Posts Tagged Tariff
U.S. Slaps High Tariffs on Chinese Solar Panels
By KEITH BRADSHER and DIANE CARDWELL
Published: May 17, 2012
The United States Commerce Department announced on Thursday the imposition of anti-dumping tariffs of more than 31 percent on solar panels from China, a decision certain to infuriate Chinese officials already upset after recent bilateral frictions over China’s human rights policies and its increasingly confrontational approach towards American allies like the Philippines and Japan.
The anti-dumping decision is one of the largest in American history, covering one of the largest and fastest-growing categories of imports from China, the world’s largest exporter. The department said the United States bought $3.1 billion worth of Chinese solar cells last year, giving China more than half the American market for the devices.
Chinese officials have been indignant at American criticism of their solar power industry, pointing out that the United States has urged China for years to embrace renewable energy as a way to reduce air pollution, combat climate change and limit the need for oil imports from politically volatile countries in the Mideast. Government support for solar energy is an important feature of China’s current Five-Year Plan, which runs through 2015, although Premier Wen Jiabao publicly cautioned in March that he was becoming concerned about overcapacity in the sector.
The Chinese solar panel industry threatened in November that if the United States puts heavy tariffs on Chinese exports, then the Chinese industry would file a trade case at the Chinese commerce ministry against American exports of polysilicon. Produced mainly in Tennessee and Washington state, where hydroelectric dams produce cheap electricity, polysilicon is the main ingredient in solar panels.
The American decision was made by civil servants in a quasi-judicial process that is heavily insulated by law from political interference, and does not represent a deliberate attempt by the Obama administration to confront China on trade policy. But that distinction has been largely lost in China, where the solar panel issue has been one of many causes embraced online by the country’s vociferous ultranationalists, who put heavy pressure on Chinese officials to respond forcefully to perceived snubs to China.
Further complicating matters is a similar case against China and Vietnam over the manufacture of steel towers for wind turbines, charging that steep government subsidies were giving foreign companies an unfair advantage over American manufacturers. A preliminary ruling is due on May 30 in that case.
The solar tariffs, which are retroactive to 90 days before the decision, are in addition toanti-subsidy tariffs of 2.9 percent to 4.73 percent that the department imposed in March. The combined anti-dumping and anti-subsidy tariffs are likely to mean a substantial increase in the price of solar panels here.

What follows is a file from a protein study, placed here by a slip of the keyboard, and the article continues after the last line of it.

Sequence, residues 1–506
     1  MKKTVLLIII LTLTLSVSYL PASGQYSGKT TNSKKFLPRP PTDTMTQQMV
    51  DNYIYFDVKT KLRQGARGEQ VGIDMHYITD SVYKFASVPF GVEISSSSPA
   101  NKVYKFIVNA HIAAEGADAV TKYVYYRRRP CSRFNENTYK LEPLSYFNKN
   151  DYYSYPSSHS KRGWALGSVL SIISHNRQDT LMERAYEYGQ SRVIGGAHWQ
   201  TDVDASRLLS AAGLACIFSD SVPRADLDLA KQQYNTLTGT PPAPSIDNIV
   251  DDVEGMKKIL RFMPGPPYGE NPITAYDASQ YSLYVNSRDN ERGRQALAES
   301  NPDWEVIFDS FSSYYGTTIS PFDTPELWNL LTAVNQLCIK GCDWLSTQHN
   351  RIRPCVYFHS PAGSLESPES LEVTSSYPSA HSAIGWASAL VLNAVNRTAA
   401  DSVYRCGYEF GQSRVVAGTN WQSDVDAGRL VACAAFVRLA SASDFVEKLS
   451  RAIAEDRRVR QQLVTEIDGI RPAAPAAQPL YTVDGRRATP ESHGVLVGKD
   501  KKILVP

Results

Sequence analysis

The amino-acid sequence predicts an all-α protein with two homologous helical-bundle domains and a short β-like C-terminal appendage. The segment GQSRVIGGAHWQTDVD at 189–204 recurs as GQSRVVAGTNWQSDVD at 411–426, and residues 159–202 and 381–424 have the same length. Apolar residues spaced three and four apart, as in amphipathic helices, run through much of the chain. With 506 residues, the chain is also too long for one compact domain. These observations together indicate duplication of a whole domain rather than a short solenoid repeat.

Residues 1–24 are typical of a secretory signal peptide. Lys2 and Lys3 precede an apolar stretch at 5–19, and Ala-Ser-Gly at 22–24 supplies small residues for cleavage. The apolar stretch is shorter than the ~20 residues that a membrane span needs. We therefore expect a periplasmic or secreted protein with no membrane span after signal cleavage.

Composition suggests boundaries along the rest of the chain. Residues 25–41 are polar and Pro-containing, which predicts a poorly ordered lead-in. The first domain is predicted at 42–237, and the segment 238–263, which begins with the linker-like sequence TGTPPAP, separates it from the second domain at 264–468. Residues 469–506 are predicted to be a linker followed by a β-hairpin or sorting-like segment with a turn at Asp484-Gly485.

SolarWorld Industries America, which led the coalition of manufacturers that filed the solar dumping case, welcomed the department’s ruling. The decision “is a very positive step in the process. It’s also in line with what we expected,” said Ben Santarris, a company spokesman. “We consider this a bellwether case. It underscores the importance of manufacturing to the U.S. economy.”
Alan Price, a partner who heads the international trade practice at Wiley Rein, the law firm representing the U.S. companies in both the solar and wind cases, said that China poses a particular threat to America’s developing green energy sector.
“China’s method is straightforward: it sets forth industry-specific Five-Year Plans and then uses all forms of national and local subsidies and other governmental support to quickly transfer jobs, supply chains, intellectual property, and wealth, to the permanent detriment of U.S. and global manufacturers,” he said. “China’s ability to ramp up and overwhelm an industry is unique and particularly devastating with new and emerging technologies, where global competitors may be less established and can be knocked out more easily and quickly.”
Andrew Beebe, chief commercial officer of Suntech, a major Chinese solar manufacturer, said his company would try to convince the Department of Commerce that the duties were unjustified.
“These duties do not reflect the reality of a highly competitive global solar industry,” he said. “SunTech opposes trade barriers at any point in the global solar supply chain.”
Isabelle Christensen, the marketing director of JinkoSolar , another Chinese manufacturer, said that the company had already established a factory in Canada and could probably shift production there if necessary.
“We can begin ramping up our manufacturing facility in Canada fairly quickly,” she said, matching what the company produces in China for the American market in a matter of months.